Is Your Family Prepared for Floods and Other Natural Disasters?
Floods and freak storms are becoming more common—and a little preparation will go a long way if one occurs in your area. Whether you live near a river or reservoir, or very far away from one, or in an area vulnerable to storms or earthquakes, share these disaster safety tips with your family.
Make an Emergency Kit
Put the following into an easy-to-grab plastic box:
- enough food, water and supplies for three days
- radio and extra batteries
- first aid supplies
- cell phone car charger
Keep handy one complete change of clothing and shoes per person, including wet-weather gear.
Make a Family Exit Map
Draw a map of your home, and create an exit route. Post where all can see it. Use it to practice exit drills with your family. Include the following:
- The location of fire extinguishers
- Two ways to escape from each room in your home
- The route to a place outside your home where your family can meet after an emergency. Make sure everyone in your family has this list in their cell phones and a printed copy in their backpack or wallet.
In Case of Flooding
Whether you live downstream from a reservoir or far away from one, it’s important to know how to recognize the signs of a flood and how to respond.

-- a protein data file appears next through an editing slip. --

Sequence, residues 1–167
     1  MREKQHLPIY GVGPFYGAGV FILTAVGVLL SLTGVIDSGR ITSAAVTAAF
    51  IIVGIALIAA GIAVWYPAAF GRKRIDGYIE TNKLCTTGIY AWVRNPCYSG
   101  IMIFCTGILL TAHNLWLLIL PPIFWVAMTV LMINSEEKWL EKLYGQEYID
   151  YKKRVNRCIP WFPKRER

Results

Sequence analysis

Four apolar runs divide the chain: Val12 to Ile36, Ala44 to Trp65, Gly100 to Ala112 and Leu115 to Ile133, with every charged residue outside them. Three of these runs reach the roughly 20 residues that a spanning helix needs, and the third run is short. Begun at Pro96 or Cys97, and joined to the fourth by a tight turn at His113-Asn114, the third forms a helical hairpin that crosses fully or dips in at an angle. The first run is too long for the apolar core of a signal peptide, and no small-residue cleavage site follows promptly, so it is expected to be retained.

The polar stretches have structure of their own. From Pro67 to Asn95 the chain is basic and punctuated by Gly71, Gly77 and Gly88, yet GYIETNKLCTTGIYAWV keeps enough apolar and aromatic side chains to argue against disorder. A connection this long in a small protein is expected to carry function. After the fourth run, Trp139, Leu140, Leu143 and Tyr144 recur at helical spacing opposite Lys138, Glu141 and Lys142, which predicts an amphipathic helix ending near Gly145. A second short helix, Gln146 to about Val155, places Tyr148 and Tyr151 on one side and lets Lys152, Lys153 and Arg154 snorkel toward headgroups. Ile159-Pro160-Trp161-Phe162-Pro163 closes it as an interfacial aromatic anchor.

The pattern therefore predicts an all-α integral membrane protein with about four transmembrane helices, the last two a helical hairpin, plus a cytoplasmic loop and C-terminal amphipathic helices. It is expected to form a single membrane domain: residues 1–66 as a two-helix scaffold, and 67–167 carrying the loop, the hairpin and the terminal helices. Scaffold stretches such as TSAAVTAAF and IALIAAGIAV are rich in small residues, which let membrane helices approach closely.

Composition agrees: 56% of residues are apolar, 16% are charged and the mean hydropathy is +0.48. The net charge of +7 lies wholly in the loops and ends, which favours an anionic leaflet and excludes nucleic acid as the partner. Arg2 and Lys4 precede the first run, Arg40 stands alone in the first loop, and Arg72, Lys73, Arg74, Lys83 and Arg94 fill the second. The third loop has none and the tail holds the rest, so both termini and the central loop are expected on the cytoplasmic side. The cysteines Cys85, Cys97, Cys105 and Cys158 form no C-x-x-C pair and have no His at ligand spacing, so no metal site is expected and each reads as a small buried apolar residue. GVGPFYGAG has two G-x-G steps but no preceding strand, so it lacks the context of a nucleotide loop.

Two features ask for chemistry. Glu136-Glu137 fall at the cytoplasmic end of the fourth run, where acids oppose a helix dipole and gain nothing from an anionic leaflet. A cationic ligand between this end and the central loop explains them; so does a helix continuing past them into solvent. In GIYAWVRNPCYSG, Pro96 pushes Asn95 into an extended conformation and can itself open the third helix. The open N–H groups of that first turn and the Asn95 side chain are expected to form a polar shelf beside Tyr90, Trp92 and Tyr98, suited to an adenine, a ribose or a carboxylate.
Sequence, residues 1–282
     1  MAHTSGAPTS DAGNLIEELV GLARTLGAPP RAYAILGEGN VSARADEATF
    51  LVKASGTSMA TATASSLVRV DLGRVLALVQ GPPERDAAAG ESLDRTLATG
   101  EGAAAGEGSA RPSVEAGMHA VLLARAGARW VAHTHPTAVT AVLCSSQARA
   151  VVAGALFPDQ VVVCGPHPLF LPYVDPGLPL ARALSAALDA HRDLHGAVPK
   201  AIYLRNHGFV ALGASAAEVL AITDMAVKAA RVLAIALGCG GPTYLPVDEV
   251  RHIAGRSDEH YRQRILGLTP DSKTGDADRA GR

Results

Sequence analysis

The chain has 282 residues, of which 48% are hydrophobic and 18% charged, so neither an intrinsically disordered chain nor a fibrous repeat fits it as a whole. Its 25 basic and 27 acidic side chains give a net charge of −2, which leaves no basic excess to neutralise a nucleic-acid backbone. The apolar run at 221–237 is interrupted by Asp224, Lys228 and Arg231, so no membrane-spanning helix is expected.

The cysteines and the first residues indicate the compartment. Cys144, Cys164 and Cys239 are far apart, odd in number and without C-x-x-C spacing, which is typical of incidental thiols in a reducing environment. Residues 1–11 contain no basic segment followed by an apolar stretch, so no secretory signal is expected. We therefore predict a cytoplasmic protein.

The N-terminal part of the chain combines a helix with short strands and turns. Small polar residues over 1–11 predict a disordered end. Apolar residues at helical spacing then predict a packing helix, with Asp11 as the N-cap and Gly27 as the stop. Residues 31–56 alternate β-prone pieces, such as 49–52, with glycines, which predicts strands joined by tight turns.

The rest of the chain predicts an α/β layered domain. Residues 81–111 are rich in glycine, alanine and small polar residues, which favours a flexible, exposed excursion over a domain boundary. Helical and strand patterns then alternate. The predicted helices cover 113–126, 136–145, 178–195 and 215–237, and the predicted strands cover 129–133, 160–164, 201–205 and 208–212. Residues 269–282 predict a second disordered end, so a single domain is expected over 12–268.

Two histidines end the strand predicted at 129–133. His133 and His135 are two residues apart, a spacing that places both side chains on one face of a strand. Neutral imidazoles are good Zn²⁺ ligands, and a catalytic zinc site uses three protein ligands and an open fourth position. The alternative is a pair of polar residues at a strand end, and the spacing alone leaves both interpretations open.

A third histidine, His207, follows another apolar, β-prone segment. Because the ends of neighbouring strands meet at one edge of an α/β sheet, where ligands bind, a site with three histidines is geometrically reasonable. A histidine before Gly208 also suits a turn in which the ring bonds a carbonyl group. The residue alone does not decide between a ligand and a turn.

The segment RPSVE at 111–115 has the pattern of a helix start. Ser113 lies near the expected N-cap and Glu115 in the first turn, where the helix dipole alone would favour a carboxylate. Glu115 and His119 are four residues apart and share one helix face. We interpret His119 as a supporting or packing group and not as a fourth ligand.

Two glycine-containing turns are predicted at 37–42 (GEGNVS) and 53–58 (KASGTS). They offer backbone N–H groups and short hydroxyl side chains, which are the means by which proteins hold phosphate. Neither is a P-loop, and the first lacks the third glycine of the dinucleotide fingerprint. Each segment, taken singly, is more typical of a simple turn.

Be alert for these flood warning signs: increased water speed or depth, unusual amounts of debris in water, change in water from clear to muddy or unusually cold water.
If you see flood warning signs, you may need to evacuate at sudden notice. Decide in advance these details:
- Where is our family meeting place?
- How will we get there?
- Who will we call in case of an emergency?
- Where is our emergency kit, and who will be responsible for taking it?
- How will we help anyone in our family who is elderly or needs special assistance?
- How will we transport our pets?
Post your answers where everyone can see them. Use your plan to practice flood evacuation drills with your family, just as you practice fire drills at school.
If a storm is coming, stay indoors at least 30 minutes after you hear the last thunder. Keep away from windows, wiring and plumbing.
If you are outside when a storm approaches, seek proper shelter—a large, enclosed building with conventional wiring and plumbing. If you can’t get indoors, take these precautions to avoid lightning strikes:
- Get into a hardtop car—not an open vehicle. Close windows.
- Avoid trees, tall objects and metal.
- Avoid rivers, lakes and swimming pools.
- Avoid open areas, including sports fields.
Never try to cross flooded areas with water over six inches deep.